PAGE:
Wednesday, April 11, 2012

Corporate/Treasury Yield Curves and the Liquidity Overhang

Consider the following from Bloomberg:
Skepticism about the U.S. recovery, as well as signs Europe’s debt turmoil isn’t over, is enhancing demand for Treasuries. This may keep yields from surging even if Fed policy makers refrain from a third round of quantitative easing, and allow the Obama administration to finance a fourth deficit exceeding $1 trillion at near-record low costs.

“Investors are holding an overwhelming amount of cash in the system and chasing fewer securities, which has supported Treasuries,” said Dominic Konstam, global head of interest- rates research in New York at Deutsche Bank AG, one of 21 primary dealers that trade with the central bank, in an April 5 telephone interview.

The benchmark 10-year note yield was little changed at 2.06 percent at 6:43 a.m. New York time, from 2.05 percent on April 6, according to Bloomberg Bond Trader prices. The 2 percent security due February 2022 fell 1/32, or 31 cents per $1,000 face amount, to 99 14/32.

Treasuries lost 1.3 percent in the first quarter, according to the Bank of America Merrill Lynch Index, compared to a 13 percent return in the Standard & Poor’s 500 Index.


Since the financial crisis the growth in the money supply in the U.S. has outstripped the rate of growth of the value of assets, leading to a “liquidity overhang,” according to Deutsche’s Konstam, causing investors to purchase bonds in order to put the cash to work.
First, consider this chart:

This is a chart of the YOY percentage change in M2 -- the largest monetary aggregate we have in the US.  M2 has been growing at strong levels, although the pace of growth has been slowing at the 10% level.  Finally, note we've seen the recent rate of YOY percentage change before -- in the 1980s, coming out of the 2000 recession and at the end of the last recession.  This tells us the rate of change -- while high --  is not one that will lead to financial ruin if managed properly.

As the Bloomberg article notes, this money has to go somewhere; hence the reason for the bid in the fixed income market.

Now consider this chart from the FRED system of the various corporate bond curves:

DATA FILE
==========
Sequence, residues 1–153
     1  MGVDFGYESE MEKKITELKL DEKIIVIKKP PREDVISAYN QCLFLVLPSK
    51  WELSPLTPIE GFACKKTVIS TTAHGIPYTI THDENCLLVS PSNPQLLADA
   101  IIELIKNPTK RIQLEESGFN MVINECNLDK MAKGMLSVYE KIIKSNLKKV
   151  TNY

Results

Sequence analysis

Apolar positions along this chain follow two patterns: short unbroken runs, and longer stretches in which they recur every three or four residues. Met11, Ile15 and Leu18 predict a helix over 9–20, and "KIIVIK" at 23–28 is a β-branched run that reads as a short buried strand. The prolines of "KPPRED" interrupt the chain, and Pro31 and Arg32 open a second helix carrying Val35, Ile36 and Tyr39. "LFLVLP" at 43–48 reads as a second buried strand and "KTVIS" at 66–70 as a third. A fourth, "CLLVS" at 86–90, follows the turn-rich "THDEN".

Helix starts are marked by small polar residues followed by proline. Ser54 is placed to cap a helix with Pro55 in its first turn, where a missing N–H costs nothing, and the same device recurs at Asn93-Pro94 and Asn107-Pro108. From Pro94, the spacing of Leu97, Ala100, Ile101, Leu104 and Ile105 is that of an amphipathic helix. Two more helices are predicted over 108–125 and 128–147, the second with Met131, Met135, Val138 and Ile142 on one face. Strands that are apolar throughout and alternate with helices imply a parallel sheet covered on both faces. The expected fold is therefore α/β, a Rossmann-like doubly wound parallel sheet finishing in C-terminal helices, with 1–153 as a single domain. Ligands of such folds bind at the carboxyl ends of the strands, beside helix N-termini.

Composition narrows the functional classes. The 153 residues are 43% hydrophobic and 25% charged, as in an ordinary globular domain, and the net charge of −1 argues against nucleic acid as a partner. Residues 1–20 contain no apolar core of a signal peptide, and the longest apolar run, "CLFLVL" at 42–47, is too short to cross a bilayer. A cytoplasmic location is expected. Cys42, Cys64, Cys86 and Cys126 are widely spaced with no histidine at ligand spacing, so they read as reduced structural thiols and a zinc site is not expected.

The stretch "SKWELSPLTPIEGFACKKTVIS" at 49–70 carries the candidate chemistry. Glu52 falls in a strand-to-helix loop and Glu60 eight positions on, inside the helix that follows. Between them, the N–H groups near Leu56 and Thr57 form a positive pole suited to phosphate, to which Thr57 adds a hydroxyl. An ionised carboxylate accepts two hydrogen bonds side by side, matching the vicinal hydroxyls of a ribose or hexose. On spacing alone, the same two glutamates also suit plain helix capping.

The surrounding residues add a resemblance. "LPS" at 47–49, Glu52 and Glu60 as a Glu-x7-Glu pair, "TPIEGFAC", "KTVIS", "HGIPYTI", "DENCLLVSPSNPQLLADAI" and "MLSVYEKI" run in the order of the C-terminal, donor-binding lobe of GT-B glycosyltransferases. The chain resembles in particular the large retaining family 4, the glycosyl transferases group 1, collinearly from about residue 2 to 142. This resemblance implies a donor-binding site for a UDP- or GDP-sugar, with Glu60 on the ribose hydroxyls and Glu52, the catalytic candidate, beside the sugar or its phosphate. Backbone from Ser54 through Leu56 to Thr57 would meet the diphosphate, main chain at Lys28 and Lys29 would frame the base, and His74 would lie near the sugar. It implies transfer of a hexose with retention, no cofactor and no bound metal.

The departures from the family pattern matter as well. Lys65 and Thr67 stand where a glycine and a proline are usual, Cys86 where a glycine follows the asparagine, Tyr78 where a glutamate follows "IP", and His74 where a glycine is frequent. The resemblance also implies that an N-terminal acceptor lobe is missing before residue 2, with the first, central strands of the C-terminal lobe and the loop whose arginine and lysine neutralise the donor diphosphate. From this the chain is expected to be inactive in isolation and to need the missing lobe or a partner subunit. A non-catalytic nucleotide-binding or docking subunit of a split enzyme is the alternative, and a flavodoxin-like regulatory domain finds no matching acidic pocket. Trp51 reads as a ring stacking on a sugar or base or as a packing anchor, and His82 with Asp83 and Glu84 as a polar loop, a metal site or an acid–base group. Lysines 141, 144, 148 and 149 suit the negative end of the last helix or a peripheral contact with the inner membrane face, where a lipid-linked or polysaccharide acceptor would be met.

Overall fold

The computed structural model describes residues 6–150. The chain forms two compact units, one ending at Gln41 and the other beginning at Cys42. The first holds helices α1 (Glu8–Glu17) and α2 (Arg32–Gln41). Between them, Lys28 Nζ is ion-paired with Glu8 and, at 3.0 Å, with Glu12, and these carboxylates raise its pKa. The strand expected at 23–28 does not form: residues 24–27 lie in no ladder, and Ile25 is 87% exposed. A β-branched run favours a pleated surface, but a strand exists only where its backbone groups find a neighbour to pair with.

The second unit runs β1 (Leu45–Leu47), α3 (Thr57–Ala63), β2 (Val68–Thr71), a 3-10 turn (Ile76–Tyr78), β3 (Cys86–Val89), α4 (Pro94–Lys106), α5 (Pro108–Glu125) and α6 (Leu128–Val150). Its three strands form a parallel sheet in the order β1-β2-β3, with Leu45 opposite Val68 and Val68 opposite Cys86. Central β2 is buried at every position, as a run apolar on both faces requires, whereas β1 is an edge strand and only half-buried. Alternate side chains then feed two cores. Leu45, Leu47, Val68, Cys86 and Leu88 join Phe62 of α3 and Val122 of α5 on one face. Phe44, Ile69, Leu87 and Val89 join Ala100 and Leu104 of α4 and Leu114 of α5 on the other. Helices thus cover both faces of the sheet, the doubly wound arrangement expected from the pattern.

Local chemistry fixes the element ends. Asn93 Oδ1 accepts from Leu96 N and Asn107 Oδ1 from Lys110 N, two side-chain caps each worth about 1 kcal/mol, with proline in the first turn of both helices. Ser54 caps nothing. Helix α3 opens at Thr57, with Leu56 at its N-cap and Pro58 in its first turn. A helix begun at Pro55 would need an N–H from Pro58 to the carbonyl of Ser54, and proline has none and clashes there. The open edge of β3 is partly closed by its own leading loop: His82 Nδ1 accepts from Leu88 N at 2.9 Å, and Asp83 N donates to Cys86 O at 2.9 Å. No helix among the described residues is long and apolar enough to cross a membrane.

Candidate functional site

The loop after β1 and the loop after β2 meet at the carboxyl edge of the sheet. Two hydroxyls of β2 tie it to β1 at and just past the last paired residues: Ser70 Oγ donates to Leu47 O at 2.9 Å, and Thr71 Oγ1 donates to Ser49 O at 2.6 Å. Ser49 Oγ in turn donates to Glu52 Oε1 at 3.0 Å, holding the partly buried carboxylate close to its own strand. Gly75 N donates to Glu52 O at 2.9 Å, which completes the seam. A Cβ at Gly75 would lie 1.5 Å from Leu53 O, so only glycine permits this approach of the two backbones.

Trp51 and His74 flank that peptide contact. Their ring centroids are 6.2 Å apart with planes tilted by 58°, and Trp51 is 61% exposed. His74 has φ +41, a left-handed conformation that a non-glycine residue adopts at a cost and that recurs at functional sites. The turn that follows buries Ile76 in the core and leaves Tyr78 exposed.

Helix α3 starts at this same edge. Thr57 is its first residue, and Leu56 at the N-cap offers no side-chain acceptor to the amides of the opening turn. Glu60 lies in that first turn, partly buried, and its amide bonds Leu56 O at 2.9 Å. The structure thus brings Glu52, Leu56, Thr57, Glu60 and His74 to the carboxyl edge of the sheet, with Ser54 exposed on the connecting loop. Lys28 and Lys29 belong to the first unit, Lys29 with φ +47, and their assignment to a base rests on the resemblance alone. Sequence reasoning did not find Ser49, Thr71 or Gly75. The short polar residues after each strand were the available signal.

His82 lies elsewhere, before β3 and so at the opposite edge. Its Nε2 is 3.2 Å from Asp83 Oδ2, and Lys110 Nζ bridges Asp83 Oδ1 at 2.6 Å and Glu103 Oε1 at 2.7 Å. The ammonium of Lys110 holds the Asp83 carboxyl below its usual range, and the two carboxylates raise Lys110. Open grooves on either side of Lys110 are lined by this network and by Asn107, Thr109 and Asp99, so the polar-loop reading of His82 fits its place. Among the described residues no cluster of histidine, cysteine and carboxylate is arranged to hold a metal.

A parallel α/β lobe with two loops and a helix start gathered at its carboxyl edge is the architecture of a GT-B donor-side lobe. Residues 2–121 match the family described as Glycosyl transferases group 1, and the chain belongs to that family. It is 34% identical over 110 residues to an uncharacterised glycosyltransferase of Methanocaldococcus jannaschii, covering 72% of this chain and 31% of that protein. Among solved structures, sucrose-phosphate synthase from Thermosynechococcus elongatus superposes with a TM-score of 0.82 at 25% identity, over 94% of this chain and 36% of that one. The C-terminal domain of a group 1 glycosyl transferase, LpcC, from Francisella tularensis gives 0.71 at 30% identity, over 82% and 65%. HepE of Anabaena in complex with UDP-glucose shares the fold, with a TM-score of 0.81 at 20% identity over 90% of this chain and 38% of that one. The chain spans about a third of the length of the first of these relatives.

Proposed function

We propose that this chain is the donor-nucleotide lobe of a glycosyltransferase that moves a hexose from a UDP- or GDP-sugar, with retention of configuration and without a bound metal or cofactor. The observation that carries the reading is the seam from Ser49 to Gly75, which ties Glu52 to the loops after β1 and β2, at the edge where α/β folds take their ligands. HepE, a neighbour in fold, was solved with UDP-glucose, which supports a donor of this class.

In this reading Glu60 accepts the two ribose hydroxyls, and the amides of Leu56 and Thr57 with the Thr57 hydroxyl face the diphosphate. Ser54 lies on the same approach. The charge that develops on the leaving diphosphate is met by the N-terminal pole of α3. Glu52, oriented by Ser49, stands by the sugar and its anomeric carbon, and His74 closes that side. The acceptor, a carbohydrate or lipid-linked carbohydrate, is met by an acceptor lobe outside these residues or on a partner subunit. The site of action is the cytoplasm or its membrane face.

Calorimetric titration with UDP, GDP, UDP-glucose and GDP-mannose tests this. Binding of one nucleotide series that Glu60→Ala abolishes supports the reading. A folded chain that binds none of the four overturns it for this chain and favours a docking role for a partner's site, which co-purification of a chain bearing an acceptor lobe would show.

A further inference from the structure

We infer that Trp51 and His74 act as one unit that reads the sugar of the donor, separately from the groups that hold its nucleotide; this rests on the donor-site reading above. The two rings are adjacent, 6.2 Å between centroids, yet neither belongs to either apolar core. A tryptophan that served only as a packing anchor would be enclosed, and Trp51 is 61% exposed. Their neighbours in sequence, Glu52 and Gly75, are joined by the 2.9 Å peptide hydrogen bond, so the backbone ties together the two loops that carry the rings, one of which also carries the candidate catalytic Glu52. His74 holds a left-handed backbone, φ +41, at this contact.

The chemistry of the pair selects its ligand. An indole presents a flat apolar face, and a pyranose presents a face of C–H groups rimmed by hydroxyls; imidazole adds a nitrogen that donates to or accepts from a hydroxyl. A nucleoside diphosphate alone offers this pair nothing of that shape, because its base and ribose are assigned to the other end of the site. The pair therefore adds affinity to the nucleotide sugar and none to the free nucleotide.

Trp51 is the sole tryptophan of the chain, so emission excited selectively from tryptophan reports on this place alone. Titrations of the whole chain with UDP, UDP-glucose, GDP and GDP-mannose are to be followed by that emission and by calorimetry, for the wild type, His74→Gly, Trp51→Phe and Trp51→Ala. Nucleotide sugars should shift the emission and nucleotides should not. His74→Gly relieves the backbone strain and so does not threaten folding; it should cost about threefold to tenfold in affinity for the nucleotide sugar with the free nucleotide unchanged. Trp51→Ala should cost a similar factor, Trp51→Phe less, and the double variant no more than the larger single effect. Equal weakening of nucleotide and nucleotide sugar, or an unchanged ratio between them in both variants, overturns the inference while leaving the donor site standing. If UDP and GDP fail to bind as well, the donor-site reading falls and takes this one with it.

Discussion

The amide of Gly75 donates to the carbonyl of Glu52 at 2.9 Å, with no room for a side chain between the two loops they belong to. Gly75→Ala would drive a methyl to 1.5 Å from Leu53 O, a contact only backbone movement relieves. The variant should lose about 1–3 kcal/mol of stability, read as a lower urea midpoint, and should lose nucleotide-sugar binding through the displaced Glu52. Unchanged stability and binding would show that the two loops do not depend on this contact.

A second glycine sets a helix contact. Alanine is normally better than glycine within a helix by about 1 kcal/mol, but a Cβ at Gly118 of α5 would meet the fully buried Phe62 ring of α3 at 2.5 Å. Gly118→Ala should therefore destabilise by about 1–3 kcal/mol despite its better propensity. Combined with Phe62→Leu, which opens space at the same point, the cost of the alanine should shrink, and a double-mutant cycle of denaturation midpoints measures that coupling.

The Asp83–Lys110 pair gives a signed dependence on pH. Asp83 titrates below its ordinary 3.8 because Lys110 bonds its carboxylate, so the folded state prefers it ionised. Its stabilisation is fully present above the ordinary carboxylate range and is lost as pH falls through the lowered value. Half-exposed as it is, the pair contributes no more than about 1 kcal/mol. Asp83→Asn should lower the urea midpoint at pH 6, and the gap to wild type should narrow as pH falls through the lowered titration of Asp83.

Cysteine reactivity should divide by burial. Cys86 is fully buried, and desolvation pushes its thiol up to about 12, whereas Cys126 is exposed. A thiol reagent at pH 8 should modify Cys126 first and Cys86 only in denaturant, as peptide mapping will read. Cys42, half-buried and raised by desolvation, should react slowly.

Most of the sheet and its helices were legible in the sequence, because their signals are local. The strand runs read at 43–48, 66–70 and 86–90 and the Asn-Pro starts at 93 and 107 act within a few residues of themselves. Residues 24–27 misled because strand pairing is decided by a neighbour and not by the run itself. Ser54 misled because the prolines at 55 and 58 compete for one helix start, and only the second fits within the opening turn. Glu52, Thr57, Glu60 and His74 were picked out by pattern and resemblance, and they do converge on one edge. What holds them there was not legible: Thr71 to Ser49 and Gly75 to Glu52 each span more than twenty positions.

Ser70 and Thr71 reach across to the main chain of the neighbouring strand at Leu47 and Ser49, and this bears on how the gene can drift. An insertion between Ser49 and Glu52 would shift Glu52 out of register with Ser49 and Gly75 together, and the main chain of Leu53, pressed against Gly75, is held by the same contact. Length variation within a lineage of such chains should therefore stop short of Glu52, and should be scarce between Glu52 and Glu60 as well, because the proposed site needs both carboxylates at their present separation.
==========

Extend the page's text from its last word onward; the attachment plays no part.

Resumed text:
Notice  the junk bond market blew out in the 2H11 but is now back in line. We see some movement in the BBBs, but the AAA remain more or less the same.

The above chart shows the junk/AAA spread.  This one went to 8% at the beginning of October of last year, but has since tightened to about 5.25%.  However, it's not back to the lows see in the 1Q11.  As the chart below shows, most of the movement came in a junk bond market sell-off rather than a AAA market sell-off.

The above chart shows the AAA/BBB spread for the last year.  The BBBs sold off a bit, but it was hardly a blood bath sell-off.  Eyeballing the chart the worst part of the move was about 75 basis points.  The AAA curve barely budged beyond standard market noise.

The above chart shows the difference between BBBs and AAA over a single year.  Notice the widening in 4Q11 as traders became concerned about safety, thereby selling riskier assets (BBBs), leading to the spread widening. 

Finally, above is a chart of the 7-10 year corporate market versus the 7-10 year treasury market.   This really shows the movement in the corporate market, especially last year.  Also consider this comment/observation from the Financial Times:
Most UK-based fund managers consider government bonds the most overvalued asset class, according to a recent survey, indicating that the recent pressure on the sovereign bonds of several major economies could continue.

Almost four-fifths of fund managers surveyed in the quarterly Valuations Index, conducted by the CFA Society of the UK, said benchmark government bonds were overvalued relative to their fair value over the next year.
What does all of this tell us?

1.) The junk bond market took it in the teeth in the second half of last year.  This is to be expected; when traders get concerned about financial stability, risk assets are the first to go.  This explains the volatility in the market and the sell-off in the BBB market (which wasn't as severe as the junk bond market, but was still a sell-off) and the rock steady nature in the AAA market.

2.) We've seen a pretty good recovery in all markets over the last few months; junk bonds have come back in as has the BBB market.

3.) Government debt is probably overvalued at these levels.  But at the same time, with the high degree of uncertainty regarding the EU, there is a need for preservation of capital trade rather than a return on capital trade.

4.) AAA corporates had a decent bid throughout the financial fall-out from last year; they also have  pretty good bid now.